an aging oil pipeline

Enbridge Line 5

Enbridge Energy wants to build a new section of its Line 5 oil pipeline in northern Wisconsin. Pipeline construction poses significant risks to the region, while continued reliance on fossil fuels threatens public health, the environment, and the economy.

Threats to water resources and climate

The current route cuts across the heart of the Bad River Reservation, where Line 5 continues to operate despite expired easements. The Bad River Band of Lake Superior Chippewa has filed a lawsuit in federal court to force the removal of the aging pipeline. Rather than shut down Line 5, Enbridge plans to build a new section of pipeline around the perimeter of the Reservation but still within the Bad River watershed. 

The construction project—which would stretch for more than 40 miles and cross nearly 200 waterbodies—would allow Enbridge to continue operating the pipeline in environmentally sensitive areas of northern Wisconsin.

Any potential economic benefits of this project would be far outweighed by the environmental harmed caused by construction, the significant risks associated with a potential spill, and the catastrophic climate impacts that will result from continued reliance on fossil fuels.

Impacts on Tribal treaty rights

In Wisconsin, the Band River Band of Lake Superior Chippewa and other Ojibwe Tribes have rights to hunt, fish, and gather on lands and waters ceded to the United States through treaty. The reroute poses a threat to the Bad River Band’s treaty-protected natural resources, including fisheries and wild rice. The Environmental Protection Agency (EPA) has agreed, saying that the proposed reroute “will have substantial and unacceptable adverse impacts” on the Bad River and the Kakagon-Bad River Sloughs.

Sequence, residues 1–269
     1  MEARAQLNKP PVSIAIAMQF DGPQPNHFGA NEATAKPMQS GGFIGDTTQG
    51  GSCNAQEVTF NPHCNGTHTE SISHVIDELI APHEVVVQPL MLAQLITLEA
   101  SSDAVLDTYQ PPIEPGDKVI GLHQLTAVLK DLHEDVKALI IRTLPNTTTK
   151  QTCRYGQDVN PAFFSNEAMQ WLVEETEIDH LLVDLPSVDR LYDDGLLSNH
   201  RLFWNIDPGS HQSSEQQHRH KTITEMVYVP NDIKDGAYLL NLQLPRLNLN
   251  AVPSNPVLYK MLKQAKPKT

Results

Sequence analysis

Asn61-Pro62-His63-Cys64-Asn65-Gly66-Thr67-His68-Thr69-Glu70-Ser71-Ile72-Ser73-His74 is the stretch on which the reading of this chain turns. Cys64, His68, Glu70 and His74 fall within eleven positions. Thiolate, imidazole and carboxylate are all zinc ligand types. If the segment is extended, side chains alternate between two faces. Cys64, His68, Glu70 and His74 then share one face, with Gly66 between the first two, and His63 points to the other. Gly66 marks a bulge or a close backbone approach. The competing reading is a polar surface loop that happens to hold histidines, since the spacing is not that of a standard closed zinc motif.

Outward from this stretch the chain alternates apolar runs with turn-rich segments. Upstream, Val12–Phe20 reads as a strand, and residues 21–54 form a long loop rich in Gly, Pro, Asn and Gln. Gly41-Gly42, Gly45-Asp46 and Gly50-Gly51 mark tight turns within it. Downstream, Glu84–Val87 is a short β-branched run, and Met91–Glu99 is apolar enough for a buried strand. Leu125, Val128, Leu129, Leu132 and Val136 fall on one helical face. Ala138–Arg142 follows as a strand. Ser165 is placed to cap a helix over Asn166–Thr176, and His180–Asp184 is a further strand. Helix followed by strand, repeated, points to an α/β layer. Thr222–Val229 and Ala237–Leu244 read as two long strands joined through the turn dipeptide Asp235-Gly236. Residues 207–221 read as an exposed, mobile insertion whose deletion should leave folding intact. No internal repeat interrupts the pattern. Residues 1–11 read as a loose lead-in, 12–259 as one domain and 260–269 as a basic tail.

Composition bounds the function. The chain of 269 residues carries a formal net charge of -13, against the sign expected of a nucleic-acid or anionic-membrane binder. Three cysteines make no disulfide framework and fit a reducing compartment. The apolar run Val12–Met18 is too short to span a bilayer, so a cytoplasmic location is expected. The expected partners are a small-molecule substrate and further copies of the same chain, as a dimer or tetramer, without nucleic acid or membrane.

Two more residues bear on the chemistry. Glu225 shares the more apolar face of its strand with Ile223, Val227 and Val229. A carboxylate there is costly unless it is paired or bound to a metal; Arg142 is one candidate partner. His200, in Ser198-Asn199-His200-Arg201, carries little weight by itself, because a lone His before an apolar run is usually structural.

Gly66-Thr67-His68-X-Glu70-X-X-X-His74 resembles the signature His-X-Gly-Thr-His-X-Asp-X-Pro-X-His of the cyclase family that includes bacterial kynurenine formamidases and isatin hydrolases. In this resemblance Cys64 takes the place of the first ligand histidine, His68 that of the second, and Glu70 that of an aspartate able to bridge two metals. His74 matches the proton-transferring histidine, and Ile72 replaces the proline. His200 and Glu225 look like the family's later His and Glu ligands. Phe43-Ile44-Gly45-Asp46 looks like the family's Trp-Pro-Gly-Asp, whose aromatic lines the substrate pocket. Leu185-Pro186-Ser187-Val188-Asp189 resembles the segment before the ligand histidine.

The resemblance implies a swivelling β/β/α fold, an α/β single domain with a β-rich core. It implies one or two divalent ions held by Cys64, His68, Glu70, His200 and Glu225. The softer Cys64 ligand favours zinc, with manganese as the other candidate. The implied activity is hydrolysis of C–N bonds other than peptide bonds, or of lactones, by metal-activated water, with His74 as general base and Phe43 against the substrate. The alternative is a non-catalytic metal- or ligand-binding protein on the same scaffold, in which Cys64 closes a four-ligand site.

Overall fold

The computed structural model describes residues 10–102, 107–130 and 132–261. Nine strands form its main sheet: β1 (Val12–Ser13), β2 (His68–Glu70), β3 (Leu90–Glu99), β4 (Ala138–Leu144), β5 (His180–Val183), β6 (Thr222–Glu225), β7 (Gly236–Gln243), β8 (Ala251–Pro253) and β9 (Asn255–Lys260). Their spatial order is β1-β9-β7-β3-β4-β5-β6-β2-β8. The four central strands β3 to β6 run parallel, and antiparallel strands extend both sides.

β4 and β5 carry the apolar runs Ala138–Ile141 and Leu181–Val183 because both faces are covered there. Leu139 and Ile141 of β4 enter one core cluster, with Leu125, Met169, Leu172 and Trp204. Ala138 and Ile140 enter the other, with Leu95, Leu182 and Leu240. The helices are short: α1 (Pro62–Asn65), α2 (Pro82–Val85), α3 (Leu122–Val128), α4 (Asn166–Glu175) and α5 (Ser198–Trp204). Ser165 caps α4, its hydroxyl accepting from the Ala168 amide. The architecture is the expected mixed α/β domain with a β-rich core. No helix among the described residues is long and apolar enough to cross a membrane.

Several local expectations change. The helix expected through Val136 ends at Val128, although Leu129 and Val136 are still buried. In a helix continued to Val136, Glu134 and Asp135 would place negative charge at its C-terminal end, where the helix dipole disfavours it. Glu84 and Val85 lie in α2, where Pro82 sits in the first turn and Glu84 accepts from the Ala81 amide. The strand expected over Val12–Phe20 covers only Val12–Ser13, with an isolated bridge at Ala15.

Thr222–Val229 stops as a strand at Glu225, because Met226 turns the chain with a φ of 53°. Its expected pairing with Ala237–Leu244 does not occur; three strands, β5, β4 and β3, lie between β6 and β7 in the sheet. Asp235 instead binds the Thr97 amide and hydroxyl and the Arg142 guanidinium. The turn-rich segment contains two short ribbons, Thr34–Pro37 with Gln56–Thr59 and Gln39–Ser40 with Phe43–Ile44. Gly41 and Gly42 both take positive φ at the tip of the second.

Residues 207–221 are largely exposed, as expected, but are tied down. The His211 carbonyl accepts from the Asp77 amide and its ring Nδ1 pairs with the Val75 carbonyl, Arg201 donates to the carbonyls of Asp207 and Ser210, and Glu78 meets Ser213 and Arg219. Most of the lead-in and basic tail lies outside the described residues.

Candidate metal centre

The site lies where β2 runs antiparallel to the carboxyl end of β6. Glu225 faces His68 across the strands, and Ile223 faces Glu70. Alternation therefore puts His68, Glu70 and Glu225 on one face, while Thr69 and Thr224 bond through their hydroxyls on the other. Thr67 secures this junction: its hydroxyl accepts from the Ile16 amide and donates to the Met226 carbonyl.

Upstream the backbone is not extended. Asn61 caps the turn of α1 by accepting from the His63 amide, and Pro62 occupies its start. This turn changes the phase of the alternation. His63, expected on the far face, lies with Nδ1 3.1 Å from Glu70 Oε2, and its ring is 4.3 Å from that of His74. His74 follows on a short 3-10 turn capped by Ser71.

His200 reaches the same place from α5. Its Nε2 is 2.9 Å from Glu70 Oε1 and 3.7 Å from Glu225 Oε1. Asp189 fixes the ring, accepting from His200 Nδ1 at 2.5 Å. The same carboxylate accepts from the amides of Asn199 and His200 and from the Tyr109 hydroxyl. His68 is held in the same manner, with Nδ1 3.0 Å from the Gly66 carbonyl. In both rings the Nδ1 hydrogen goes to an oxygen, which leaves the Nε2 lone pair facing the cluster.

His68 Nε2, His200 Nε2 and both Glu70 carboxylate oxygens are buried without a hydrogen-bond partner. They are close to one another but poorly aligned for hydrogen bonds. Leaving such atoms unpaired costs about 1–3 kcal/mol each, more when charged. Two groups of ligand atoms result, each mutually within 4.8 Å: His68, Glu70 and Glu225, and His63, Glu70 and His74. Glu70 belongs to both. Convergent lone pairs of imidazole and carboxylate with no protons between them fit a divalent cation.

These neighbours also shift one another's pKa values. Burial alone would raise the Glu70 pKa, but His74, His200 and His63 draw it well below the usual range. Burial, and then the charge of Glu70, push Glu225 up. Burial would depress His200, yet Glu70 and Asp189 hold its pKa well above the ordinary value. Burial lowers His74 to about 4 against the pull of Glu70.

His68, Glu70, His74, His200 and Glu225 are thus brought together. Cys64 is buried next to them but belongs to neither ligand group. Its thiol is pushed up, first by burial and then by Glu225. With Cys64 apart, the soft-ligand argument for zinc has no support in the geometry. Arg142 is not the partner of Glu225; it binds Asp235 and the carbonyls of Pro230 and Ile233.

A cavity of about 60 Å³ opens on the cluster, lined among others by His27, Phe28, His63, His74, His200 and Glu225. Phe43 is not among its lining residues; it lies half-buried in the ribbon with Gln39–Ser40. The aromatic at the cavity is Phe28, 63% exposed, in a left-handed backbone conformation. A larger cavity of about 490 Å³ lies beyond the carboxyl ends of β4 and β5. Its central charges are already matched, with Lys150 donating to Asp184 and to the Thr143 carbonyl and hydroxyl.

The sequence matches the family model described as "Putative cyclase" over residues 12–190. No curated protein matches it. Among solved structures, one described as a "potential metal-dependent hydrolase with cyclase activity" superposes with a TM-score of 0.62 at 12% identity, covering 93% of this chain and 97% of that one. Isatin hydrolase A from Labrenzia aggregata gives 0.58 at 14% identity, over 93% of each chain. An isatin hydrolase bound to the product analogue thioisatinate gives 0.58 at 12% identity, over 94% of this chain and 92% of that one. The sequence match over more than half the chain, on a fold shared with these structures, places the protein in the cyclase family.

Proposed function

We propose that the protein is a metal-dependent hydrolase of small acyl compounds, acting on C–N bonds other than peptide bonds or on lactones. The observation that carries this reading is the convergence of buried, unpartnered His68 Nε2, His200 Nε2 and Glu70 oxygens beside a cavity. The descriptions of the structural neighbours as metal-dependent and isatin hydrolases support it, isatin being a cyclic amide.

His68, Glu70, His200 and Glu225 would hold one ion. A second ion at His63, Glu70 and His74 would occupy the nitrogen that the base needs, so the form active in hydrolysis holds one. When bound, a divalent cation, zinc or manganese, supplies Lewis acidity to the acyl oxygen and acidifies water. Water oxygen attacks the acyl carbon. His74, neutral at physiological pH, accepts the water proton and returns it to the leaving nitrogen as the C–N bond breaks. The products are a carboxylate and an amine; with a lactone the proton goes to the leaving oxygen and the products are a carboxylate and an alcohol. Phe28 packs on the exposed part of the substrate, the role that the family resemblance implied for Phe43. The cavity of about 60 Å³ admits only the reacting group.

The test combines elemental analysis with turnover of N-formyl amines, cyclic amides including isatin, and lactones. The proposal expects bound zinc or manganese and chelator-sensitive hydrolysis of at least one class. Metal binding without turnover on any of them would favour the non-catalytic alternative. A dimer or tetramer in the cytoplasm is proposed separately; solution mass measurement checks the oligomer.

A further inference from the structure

The Bad River Band has filed a federal lawsuit to protect its water resources and its treaty rights. Last summer, Judge William Conley gave Enbridge three years to decommission the segment of Line 5 that crosses the Bad River Reservation. The judge also ordered Enbridge to pay the Band a portion of the profits it has earned since 2013, when easements allowing the pipeline to operate on Tribal lands expired. Enbridge responded by appealing the decision. 

For its part, the Bad River Band has made clear that it has no intention of backing down. In early March, Enbridge offered the Band $80 million in exchange for allowing Line 5 to continue trespassing on Tribal land. The Band replied by issuing an open letter in which they declared, “our homeland, our treaty rights and our way of life are not for sale.” 

our Line 5 work


Holding Enbridge Accountable to our Environmental Laws

MEA is leading efforts to ensure that state and federal regulators subject Enbridge Energy’s proposed reroute of its Line 5 oil pipeline to the highest possible legal and environmental scrutiny.


Calling for the Shutdown of Enbridge Line 5

MEA is working at the state and national levels to help policymakers and elected officials understand the urgent need to decommission aging fossil fuel infrastructure projects like Enbridge Line 5.


latest news

Line 5 Updates

Line 5 Opponents Speak Out at Public Hearing on Controversial Pipeline Project

Hundreds of people turned out at Northwood Technical College in Ashland, where the U.S. Army Corps of Engineers held a public hearing on Enbridge Energy’s controversial proposal to construct a new segment of its Line 5 oil pipeline. Prior to the hearing, a group of Tribal leaders, environmental advocates and community members held a press conference to highlight increasing public opposition to the plan.

Read More »

Line 5 resources


Pipeline Regulation Guides

MEA WEBINAR (April 2020)

Pipeline Regulation Webinar


Draft Environmental Impact Statement for Line 5